Spokane Empire’s standout rookie comes back from injury
written by Sheila G. Miller
When you think of football in Washington, you likely picture the Seattle Seahawks, or the recent success of the Washington State Cougars and University of Washington Huskies.
But Trevor Kennedy and the Indoor Football League’s Spokane Empire are here to tell you that while it might look a little different, the skill and fitness levels are very much the same.
The Spokane Empire joined the Indoor Football League in 2016 after defecting from the Arena Football League (the team was known as the Spokane Shock), and finished atop its conference with a 12-4 record. The Empire lost to the Sioux Falls Storm in the league’s version of the Super Bowl last July. Games run from February through July, and are played on a 50-yard field surrounded by walls with eight players a side.
Kennedy, a running back, took the league by storm in 2016, being named the league’s offensive rookie of the year and leading the league in scoring, despite missing the final three games with a broken leg.
Though the game looks a little different, Kennedy doesn’t see much difference in how fit he has to be to perform. “I believe that if you are in shape enough to play outdoor football, the transition is pretty subtle,” he said. “The differences for me are more from the style of play and speed of the game, which is drastically different mostly because of the indoor field size. You only get used to it by actually playing.”
Kennedy started playing football when he was 7 years old, and played soccer and basketball growing up. He played football for Mercyhurst University in Pennsylvania, and has also played in the Canadian Football League and participated in NFL tryouts. Now he’s enjoying Spokane, with its lakes and mountains and trails. “I love nature and being outdoors, and I am finding out there is no better place to experience those things than here in Spokane,” he said.
Coming back from a broken leg has been no easy task. Kennedy said he’s struggled with what he calls athlete’s depression (“The feeling that you will never be the same,” he said). But once he began working with a physical therapist he started seeing results, and became confident he could return to the field.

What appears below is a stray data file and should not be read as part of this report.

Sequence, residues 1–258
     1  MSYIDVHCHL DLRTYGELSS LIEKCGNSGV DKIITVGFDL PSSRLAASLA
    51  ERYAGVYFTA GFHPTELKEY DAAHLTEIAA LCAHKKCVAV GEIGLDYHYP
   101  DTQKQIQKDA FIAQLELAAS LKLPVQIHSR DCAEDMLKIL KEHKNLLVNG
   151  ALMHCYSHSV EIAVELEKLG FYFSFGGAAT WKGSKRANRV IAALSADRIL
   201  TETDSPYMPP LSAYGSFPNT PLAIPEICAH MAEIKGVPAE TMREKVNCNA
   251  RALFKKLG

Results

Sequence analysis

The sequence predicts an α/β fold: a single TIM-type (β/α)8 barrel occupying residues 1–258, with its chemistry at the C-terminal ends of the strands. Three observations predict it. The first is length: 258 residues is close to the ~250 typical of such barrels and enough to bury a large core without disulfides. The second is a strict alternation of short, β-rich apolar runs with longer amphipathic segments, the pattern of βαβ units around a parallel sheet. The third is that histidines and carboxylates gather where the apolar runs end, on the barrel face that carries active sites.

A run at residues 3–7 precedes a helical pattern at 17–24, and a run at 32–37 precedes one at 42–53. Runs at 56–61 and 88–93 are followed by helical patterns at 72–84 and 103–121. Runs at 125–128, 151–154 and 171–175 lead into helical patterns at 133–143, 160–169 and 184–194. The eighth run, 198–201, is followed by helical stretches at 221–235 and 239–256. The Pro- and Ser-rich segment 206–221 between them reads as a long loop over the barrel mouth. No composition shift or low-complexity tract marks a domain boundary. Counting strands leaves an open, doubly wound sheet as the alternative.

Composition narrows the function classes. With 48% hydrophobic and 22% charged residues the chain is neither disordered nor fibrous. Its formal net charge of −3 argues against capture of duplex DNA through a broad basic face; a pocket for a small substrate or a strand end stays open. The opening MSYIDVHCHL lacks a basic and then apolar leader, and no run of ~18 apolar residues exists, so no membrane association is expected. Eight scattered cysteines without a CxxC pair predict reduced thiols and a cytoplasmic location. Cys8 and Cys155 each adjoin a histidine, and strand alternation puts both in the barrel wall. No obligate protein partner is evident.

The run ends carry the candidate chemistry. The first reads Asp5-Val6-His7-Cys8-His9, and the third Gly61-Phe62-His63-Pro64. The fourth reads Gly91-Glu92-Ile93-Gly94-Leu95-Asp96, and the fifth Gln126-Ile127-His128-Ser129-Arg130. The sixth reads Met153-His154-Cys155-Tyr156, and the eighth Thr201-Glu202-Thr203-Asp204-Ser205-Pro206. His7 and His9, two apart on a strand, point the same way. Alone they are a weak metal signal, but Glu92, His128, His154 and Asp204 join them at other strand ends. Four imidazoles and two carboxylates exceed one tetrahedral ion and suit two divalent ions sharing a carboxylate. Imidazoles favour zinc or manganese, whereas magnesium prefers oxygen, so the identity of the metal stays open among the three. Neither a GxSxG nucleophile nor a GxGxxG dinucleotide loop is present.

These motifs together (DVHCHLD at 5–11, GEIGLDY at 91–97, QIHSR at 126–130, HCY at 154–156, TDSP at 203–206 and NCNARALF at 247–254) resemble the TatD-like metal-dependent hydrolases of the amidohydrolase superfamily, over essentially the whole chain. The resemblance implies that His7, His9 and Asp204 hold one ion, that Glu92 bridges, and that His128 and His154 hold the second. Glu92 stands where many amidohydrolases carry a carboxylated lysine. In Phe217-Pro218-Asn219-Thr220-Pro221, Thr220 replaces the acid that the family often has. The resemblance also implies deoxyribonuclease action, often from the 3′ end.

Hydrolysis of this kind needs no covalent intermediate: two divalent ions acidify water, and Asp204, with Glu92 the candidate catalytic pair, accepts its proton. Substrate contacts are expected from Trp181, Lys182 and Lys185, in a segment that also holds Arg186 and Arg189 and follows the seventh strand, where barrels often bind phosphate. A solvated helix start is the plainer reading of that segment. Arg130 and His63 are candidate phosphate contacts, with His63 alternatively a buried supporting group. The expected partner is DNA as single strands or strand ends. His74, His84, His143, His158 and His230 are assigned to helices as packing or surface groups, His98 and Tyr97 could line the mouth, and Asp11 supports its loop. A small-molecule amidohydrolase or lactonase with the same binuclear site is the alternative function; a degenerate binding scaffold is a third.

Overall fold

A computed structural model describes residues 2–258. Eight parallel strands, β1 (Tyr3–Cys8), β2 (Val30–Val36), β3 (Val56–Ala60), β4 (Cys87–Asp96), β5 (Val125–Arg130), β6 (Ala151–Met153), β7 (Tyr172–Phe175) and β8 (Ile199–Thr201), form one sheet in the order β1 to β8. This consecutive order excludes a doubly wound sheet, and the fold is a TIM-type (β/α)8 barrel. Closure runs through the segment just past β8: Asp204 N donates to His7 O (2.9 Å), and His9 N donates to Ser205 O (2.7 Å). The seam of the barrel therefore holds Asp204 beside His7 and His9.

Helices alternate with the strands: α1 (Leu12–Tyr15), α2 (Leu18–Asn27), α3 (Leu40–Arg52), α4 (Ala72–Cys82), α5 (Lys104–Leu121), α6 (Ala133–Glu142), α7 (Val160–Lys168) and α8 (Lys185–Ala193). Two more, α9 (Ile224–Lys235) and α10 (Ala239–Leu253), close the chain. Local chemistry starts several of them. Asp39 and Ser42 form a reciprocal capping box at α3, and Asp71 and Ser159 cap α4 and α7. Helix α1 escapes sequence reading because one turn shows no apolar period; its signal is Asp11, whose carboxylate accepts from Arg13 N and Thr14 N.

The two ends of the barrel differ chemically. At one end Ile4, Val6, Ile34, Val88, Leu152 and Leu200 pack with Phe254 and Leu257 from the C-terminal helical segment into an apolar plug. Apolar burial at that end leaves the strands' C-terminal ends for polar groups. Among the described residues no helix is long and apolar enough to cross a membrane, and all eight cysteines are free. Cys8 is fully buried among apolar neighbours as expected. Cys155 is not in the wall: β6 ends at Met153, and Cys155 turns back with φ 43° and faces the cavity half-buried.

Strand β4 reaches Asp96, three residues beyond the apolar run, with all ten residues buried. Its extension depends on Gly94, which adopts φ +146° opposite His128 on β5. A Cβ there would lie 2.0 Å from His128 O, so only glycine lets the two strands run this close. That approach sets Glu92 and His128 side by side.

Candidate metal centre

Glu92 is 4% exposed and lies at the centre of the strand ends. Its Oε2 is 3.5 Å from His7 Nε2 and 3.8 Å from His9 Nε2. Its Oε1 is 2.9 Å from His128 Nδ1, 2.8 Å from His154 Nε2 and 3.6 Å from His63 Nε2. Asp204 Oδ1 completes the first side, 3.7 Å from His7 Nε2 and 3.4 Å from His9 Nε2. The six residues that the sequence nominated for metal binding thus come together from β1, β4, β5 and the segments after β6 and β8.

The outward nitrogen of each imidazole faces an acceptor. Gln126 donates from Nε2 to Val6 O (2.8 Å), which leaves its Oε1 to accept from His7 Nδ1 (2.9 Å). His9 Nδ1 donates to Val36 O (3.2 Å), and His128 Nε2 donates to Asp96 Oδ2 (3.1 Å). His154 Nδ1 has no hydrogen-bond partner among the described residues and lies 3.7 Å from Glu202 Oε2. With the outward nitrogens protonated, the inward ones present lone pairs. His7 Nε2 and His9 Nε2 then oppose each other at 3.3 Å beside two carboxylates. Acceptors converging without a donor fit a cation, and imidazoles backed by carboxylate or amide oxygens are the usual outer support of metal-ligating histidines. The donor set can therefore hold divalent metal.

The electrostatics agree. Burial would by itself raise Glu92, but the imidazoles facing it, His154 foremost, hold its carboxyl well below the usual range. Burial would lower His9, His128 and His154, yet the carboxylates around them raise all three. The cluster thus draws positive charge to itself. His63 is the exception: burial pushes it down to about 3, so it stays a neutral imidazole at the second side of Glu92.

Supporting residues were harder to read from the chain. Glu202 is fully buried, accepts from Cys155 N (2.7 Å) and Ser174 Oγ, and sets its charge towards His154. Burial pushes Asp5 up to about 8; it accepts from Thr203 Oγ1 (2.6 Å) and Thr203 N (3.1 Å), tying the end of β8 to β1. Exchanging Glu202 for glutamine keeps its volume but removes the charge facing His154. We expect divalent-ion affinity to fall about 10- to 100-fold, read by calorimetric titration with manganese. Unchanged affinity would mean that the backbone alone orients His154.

“I struggled with it for a while but I made it over the hump and am getting to the fun part now,” he said. “Early on, while I was still on crutches, I would go to the gym three days a week. All I could do at that point was lift upper body, and I started doing that about a week after surgery. After two months in a cast, I was able to begin physical therapy.”
He’s still recovering from his injury, but Kennedy has his sights set high. He hopes to ultimately make a 53-man roster in the NFL, but isn’t worried if that’s not in the cards.
“If being the best and working hard doesn’t take me to the NFL, then I will have fun while I am chasing it, because this is what I love to do and am most passionate about,” he said. When it’s all over, Kennedy wants to start his own training facility to work with elite athletes.
Born: Akron, Ohio
In the off-season, Kennedy trains five days a week and takes two rest days. Four of the five days are split into two workouts lasting about two hours.
• Thirty minutes of stretching and warming up.
• Speed days: running technique and drills, use a parachute for resistance running.
• Upper body days: push/pull system doing exercises such as bench with a barbell row, or dumbbell single-arm press with pullups.
• Lower body days: Focus on whatever attribute he is trying to improve or increase. Example: linear speed—start with a hang clean followed by squats, deadlifts and auxiliary exercises.
Average training week
• Monday: 5 a.m. workout focusing on speed. 4 p.m. heavy leg workout.
• Tuesday: 5 a.m. position-specific footwork and skills drills. 4 p.m. upper body lifting.
• Wednesday: rest day, stretching and foam rolling for flexibility.
• Thursday and Friday: variations of Monday and Tuesday.
• Saturday: strictly skill and plyometrics (explosive movements).
• Sunday: rest day.
In-season, Kennedy trains twice a week at the most, depending on the time off between games. Those are usually one upper body day and one lower body day, but mostly he focuses on rest and recovery.